Note: This advice is given by the CAP Executive about non-broadcast advertising. It does not constitute legal advice. It does not bind CAP, CAP advisory panels or the Advertising Standards Authority.
- What is Osteomyology?
- What treatment claims are likely to be acceptable?
- What about conditions for which medical supervision should be sought?
- What titles or references to training can be used?
Osteomyology is a form of alternative medicine loosely based on aggregated ideas from other manipulation therapies, principally Chiropractic and Osteopathy. CAP understands that some Osteomyologists are therapists who have been trained in osteopathy or chiropractic but take on the title ‘Osteomyologist’ after they have refused to be regulated by the General Osteopathic Council (GOsC) or the General Chiropractic Council (GCC) for political or philosophical reasons or cannot join because they do not meet professional or training standards.
What treatment claims are likely to be acceptable?
If a practitioner is a registered Chiropractor or Osteopath and uses those specific techniques (rather than aggregations of them), some treatment claims may be acceptable provided any ad that makes treatment claims is explicit that the treatments are the manual manipulation techniques used by Chiropractors or Osteopaths. The following CAP Advice details what claims are likely to be acceptable when made in relation to Chiropractic and Osteopathy. Any claims that go beyond the accepted claims for those specific techniques would need to be supported by clinical evidence (rule 12.1).
Neither the ASA nor CAP have seen evidence for the practice of Osteomyology. As such, all treatment claims in ads about the techniques used in the practice of Osteomyology, even it is based on those used in Chiropractic and Osteopathy, would need to be supported by robust clinical evidence (rule 12.1).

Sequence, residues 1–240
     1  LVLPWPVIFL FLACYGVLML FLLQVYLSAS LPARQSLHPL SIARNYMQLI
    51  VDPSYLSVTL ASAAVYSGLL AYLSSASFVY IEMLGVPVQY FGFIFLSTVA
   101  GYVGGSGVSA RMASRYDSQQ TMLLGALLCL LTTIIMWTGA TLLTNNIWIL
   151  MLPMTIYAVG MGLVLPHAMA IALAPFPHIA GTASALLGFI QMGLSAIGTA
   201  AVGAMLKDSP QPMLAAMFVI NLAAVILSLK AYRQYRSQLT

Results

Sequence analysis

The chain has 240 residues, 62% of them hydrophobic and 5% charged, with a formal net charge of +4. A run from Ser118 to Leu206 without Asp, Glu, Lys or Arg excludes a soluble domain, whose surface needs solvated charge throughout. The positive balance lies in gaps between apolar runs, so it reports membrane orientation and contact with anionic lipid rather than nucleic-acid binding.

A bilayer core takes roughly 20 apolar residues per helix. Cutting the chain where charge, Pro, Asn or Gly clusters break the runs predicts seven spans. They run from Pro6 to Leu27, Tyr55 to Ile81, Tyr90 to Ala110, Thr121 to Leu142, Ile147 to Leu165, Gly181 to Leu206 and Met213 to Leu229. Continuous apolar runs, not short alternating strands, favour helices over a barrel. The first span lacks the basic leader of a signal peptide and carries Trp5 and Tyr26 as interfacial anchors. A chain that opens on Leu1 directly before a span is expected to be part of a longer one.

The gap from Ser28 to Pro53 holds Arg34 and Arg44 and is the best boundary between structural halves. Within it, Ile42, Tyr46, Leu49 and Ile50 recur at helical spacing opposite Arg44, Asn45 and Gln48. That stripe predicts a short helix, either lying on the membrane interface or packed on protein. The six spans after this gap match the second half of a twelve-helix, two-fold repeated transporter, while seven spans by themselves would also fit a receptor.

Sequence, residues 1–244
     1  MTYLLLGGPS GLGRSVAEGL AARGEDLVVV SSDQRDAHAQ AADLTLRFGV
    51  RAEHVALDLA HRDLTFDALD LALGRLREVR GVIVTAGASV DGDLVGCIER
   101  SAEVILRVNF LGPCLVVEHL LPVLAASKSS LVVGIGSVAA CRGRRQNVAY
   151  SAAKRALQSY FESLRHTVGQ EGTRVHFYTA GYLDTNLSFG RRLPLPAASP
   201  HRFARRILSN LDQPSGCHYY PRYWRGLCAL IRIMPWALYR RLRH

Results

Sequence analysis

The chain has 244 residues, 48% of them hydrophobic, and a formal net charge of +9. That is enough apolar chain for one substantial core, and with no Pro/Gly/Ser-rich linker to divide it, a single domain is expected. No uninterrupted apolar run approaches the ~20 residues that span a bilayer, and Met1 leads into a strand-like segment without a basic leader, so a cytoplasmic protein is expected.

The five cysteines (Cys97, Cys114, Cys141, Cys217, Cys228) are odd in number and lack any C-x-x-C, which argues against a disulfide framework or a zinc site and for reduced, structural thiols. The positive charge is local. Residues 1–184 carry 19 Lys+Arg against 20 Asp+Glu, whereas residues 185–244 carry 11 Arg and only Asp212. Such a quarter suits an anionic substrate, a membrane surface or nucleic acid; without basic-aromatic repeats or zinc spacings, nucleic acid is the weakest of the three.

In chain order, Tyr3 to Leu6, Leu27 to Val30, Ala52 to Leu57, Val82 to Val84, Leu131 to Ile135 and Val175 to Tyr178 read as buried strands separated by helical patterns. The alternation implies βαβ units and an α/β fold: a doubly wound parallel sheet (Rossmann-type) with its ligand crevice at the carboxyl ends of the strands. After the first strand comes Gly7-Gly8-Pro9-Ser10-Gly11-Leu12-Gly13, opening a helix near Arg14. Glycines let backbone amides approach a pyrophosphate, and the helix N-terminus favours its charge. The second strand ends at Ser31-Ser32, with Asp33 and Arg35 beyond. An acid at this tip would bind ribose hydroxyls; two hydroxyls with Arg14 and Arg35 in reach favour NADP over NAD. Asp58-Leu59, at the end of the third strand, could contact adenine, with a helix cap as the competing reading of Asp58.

What about conditions for which medical supervision should be sought?
Registered Chiropractors and Osteopaths are regulated by statute and are likely to be considered to be suitably qualified to treat some medical conditions for which medical supervision should be sought (rule 12.2).
As such, subject to evidence, those practitioners are permitted to advertise the treatment of conditions that can be treated using manual manipulation techniques, without discouraging essential medical treatment.
However, if Osteomyologists are not registered with a statutory regulator then the necessary oversight is not likely to be considered to be met. As such, advertising claims for an Osteomyology practitioners that references a condition where treatment should be carried out by a suitably qualified health professional, is likely to discourage essential medical treatment and should not be made, irrespective of the evidence held.
See: CAP Guidance on Medical Conditions.
What titles or references to training can be used?
Therapists should not mislead about their status or training.
Only Chiropractic practitioners who are registered with the General Chiropractic Council (GCC) may call themselves Chiropractors and, similarly, only Osteopathic practitioners registered with the General Osteopathic Council (GOsC) may call themselves Osteopaths.
A claim that a practitioner is a ‘Registered Osteomyologist” is likely to be considered misleading unless the holder is registered with a recognised medical or statutory body.
Whilst Chiropractors are permitted to use strongly qualified references to the courtesy title of “Doctor of Chiropractic” in ads, the same principal does not apply to Osteomyologists. The “Dr” title should also be avoided unless they also hold a general medical qualification. A “Dr” title can potentially be used where a PhD is held but only if the suffix PhD is used as part of the title and if the ad also makes clear that this title does not relate to a general medical qualification.